Questions to Ask When Buying Property in BC

Buying property in beautiful British Columbia may be one of the best decisions you’ve ever made – and also one of the most expensive. With so much money on the line, it’s important to know exactly what you’re getting with that purchase.

However, this is often easier said than done for first-time property buyers, especially if they’re unfamiliar with the area. They may not know what to ask to ensure that they are indeed getting their dream property or at the very least a good deal.

If you’re looking for properties in British Columbia and could use some extra guidance, you’ve come to the right place. Here are some of the top questions to ask when buying property in BC.

What are the Current Owners Paying in Property Tax?

You’ll want to have an idea of the annual taxes on the property. This will help you understand the ongoing holding costs, and whether they’ll fit into your budget.

There are a few different places to find this information: the sellers themselves, the listing document, and the local municipality. If you’re looking for a detailed answer, then your best bet would probably be the local municipality. They will be able to tell the most recent tax on the property and the overall status of property tax payments.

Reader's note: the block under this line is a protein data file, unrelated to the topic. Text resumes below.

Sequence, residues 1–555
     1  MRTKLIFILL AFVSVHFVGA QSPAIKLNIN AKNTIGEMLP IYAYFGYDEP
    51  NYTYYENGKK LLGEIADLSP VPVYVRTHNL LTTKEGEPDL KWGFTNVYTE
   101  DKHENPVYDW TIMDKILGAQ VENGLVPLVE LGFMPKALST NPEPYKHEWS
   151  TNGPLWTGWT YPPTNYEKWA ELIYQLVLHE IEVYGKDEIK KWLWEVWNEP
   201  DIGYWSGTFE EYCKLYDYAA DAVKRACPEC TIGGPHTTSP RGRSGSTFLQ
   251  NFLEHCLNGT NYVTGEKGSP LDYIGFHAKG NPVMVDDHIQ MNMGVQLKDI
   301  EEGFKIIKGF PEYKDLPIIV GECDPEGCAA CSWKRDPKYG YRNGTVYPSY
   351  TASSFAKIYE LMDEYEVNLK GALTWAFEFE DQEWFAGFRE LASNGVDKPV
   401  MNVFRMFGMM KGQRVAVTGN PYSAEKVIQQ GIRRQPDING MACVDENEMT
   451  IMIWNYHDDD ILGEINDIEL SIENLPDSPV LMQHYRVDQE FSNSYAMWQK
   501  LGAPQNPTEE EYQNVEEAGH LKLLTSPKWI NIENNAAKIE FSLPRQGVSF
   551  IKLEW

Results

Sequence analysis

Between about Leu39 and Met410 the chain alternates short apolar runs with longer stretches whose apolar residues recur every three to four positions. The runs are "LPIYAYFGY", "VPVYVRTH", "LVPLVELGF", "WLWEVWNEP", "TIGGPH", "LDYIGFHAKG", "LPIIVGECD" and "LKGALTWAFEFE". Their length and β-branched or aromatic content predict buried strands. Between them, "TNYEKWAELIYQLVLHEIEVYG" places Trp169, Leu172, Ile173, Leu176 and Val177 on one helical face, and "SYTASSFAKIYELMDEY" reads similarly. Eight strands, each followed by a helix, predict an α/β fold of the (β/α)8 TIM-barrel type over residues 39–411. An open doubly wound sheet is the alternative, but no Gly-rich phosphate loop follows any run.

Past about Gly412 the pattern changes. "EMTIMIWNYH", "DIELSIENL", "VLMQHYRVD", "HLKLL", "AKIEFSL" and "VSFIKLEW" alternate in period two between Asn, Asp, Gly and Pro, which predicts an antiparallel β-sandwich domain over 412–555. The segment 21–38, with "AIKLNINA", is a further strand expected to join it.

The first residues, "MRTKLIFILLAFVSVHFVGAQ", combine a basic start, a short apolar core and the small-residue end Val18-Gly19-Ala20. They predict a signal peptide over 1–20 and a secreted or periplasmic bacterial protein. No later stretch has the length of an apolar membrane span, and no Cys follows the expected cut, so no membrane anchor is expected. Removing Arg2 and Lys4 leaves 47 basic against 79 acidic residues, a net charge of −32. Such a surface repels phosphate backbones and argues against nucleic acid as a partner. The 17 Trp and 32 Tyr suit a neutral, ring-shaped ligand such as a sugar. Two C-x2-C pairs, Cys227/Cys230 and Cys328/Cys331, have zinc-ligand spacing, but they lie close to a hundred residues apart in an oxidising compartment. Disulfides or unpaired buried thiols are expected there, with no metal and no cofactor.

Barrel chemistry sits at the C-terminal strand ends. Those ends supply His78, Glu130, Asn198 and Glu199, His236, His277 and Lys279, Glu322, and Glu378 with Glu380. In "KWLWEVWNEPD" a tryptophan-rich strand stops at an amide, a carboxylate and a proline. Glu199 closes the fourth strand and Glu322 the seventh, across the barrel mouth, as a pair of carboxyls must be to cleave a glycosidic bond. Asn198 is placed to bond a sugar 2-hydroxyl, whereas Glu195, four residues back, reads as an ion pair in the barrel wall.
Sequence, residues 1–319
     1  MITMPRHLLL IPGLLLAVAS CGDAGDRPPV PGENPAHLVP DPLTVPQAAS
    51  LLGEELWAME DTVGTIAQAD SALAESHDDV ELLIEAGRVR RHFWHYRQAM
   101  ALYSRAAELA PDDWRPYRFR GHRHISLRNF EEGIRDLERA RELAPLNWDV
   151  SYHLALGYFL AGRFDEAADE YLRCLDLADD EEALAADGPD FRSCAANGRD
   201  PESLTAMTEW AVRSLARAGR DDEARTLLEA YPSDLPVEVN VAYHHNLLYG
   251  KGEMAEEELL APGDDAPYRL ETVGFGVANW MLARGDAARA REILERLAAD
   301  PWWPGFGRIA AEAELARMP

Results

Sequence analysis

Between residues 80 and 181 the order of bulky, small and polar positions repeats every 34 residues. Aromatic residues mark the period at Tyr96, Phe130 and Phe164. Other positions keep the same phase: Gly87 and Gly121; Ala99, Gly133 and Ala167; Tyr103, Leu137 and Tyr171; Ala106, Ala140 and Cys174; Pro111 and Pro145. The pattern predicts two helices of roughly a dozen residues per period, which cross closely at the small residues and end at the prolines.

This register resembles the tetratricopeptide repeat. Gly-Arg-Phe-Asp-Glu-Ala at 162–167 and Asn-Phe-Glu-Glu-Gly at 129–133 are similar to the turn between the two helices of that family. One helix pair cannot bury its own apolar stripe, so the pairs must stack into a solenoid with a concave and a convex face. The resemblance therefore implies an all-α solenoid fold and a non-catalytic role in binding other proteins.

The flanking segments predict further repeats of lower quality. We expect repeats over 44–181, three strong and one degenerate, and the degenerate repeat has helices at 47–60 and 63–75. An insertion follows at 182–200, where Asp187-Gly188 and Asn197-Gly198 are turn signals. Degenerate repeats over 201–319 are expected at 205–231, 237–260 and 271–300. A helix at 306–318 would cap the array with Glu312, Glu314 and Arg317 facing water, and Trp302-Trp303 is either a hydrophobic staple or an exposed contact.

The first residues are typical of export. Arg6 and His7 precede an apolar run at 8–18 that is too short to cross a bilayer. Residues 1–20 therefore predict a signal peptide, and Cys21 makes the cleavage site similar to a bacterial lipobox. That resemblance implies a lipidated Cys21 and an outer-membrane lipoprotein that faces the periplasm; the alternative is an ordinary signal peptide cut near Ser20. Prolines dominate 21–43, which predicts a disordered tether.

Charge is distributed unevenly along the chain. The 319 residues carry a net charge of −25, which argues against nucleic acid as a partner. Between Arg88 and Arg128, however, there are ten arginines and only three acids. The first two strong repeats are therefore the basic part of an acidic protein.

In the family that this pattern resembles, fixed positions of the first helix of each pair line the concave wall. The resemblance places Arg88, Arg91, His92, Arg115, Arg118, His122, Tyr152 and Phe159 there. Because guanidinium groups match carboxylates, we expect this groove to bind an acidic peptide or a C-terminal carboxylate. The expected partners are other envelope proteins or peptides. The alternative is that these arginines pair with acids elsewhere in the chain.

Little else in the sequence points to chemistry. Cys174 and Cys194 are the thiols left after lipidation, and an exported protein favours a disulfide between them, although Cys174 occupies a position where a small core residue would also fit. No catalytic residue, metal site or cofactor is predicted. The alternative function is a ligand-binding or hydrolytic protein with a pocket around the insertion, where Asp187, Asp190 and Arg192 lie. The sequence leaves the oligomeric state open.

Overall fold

Is There a Topographic Survey or Grading Plan?

If you want to confirm the amount of acreage, then you should ask about a topographic survey. This will give you a 2D representation of the slope of the site, helping you figure out a location for site access and a building pad. You may also be able to see trees, utilities, and other site features.

A grading plan is typically drawn up by a civil engineer and shows how you can change the current topography to make a driveway for a future building pad. This type of information is useful when you’re looking to develop a site.

What is the Zoning on the Property?

There are 3 common zoning types: residential, commercial, and agriculture. The zoning type can tell you a lot about what you can do with the property, like how many homes you can build, how high they can be, and how close they can be to the property line. 

In BC, properties located on agricultural land may face even more special requirements regarding farming and agricultural activities. Check with the Provincial Agricultural Land Commission for more information.

Does the Property Have a Clear Title?

A clear title, or a just title or a free and clear title, means there’s no question about who owns the property. It doesn’t have any levies or liens from creditors or anyone else, so no one besides the current sellers can try and claim ownership.

This is obviously the ideal situation when you’re purchasing a property, but a title that isn’t clear may not be the end of the world. It simply depends on the situation. To learn more about the title of a prospective property, consult with your lawyer, notary or real estate agent.